The U.S. economy's recent weakness may not hold back world economic growth as it would have in past years, if other countries are able to pick up the slack, the Conference Board says in its U.S. Outlook - Summer 2007.
"Although the United States will continue to be an important component of the global economy, the rise of other economies means that the U.S. will not have to be the dominant engine of growth that it has been in the past," said Kip Beckman, Principal Research Associate. "Spreading the burden for global economic growth around to countries other than just the United States is not a bad thing, particularly if other parts of the world are doing well."
The U.S. economy has been growing below its potential for the past few quarters, and is expected to expand by just 2.2 per cent this year, compared to global growth of more than three per cent (when measured at current exchange rates). The troubled U.S. housing market may not have hit bottom yet, but solid growth in exports and investment spending will offset the drag on the economy caused by the housing sector slowdown, CNW Telbec reports.
For years, U.S. consumer spending has created a ready market for goods produced in other countries. The Japanese economy and many European economies, which languished in the early part of this decade, have begun to post stronger growth. Given that the United States continues to run huge trade deficits, it is a positive development that China, India, Japan and Europe have become more vibrant markets for U.S. and global exports, and pick up some of the slack for global economic growth.
It's a good thing that the world economy had a head of steam going into this summer, because it now faces financial headwinds made in the USA.
On Monday, shares of the German industrial bank IKB plummeted as the bank announced its earnings would be hit hard by the rising default rate of American subprime home loans.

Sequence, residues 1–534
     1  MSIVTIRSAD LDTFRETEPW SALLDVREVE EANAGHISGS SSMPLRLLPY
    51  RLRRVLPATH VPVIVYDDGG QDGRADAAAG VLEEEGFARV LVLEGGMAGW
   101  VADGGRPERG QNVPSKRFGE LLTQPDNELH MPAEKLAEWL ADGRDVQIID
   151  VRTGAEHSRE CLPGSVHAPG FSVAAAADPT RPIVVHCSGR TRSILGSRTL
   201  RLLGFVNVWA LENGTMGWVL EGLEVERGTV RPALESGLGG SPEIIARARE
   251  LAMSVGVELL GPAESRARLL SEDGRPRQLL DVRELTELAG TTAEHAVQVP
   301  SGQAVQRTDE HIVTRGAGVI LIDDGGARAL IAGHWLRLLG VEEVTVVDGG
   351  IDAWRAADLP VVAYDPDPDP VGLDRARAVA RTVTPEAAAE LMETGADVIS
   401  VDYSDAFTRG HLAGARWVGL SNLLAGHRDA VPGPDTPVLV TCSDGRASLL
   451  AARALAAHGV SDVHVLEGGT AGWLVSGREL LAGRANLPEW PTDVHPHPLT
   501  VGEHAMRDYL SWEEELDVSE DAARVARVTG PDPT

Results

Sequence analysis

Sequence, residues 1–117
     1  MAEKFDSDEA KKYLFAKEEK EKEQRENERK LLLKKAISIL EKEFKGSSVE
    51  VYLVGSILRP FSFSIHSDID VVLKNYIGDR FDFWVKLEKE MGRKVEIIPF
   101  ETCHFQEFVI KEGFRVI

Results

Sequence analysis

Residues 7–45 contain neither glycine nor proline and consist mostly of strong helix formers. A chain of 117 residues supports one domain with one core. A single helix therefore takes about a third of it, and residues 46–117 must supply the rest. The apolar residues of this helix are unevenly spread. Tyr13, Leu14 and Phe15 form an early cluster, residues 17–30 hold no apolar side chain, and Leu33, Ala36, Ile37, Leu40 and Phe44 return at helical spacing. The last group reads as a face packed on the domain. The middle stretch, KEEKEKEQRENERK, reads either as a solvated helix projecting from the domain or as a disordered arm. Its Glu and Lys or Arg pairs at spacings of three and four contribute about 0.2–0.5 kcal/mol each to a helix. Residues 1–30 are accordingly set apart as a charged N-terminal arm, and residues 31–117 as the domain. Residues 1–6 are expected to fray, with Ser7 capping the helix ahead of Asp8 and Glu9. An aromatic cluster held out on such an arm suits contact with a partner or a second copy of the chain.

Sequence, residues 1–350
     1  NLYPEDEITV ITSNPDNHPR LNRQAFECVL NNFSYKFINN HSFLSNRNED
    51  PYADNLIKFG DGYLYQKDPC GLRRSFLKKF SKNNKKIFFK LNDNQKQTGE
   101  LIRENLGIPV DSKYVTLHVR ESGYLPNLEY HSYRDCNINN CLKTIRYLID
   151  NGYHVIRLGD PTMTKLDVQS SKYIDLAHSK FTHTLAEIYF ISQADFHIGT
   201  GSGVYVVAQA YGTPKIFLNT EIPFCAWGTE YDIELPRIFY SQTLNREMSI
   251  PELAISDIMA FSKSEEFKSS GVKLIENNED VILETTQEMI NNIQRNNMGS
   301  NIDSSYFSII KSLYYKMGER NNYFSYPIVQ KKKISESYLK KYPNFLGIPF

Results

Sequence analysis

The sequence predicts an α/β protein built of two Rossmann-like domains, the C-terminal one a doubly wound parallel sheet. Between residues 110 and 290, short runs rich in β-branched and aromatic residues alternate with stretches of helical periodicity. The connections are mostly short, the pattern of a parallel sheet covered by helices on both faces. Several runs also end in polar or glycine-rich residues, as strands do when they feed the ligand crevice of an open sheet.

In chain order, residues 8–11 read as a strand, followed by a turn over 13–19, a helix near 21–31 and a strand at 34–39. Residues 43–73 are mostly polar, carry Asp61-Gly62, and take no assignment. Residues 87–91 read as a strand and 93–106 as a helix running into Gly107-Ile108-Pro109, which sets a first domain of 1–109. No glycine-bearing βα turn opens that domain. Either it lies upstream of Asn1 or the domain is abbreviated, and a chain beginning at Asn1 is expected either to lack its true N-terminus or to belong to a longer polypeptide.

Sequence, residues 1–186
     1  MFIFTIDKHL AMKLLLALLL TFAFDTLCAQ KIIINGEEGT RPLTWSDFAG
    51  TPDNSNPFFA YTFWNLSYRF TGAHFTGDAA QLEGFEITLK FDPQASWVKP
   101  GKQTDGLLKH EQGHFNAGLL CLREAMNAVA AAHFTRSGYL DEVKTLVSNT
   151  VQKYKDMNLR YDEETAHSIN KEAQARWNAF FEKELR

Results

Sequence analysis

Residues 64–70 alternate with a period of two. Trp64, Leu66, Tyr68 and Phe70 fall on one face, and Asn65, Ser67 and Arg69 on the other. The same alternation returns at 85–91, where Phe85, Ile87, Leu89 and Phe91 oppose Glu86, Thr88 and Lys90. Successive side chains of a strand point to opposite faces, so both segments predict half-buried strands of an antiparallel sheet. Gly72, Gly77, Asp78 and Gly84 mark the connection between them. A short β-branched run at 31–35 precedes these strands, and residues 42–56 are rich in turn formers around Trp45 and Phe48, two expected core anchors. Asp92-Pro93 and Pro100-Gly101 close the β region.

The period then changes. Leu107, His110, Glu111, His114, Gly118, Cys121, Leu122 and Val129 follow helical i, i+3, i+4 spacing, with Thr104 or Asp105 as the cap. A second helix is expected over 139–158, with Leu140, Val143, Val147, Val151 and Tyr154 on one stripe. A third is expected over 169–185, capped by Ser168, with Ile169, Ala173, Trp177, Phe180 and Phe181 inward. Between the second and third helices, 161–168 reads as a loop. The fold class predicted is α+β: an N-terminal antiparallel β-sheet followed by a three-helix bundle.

The news served as a reminder: Politics may be local or national, but the realm of banking and finance is international.
In fact, when concerns about a tighter flow of credit sent stocks tumbling in the United States last week, the phenomenon was really global. Borrowing is becoming more difficult and more expensive worldwide. And stock markets fell as much last week in Europe and developing nations as in the US.
The good news is that these financial tremors come at a time of robust growth in most nations. For American workers that means a healthy demand for exported goods, which helps offset the impact of a deep housing slump.
"The likelihood is that the global economy will move through this OK," says Michael Cosgrove, publisher of the Econoclast, a market newsletter in Dallas. Although credit markets are global, many nations' economies are "not nearly as linked to the US as they once were."
Still, the process of unwinding after years of easy credit is fraught with risks.
In recent years, relatively cheap money has been available worldwide, fueling a surge of corporate buyouts backed by borrowing. Now, investors worldwide are rethinking this leverage, and repricing the debt, csmonitor.com reports.
"This is not just a US phenomenon," says Jay Bryson, a global economist at Wachovia Corp., a large bank based in Charlotte, N.C. "As investors become a bit more risk-averse in the United States, they're clearly going to become more risk-averse abroad as well."
Prepared by Alexander Timoshik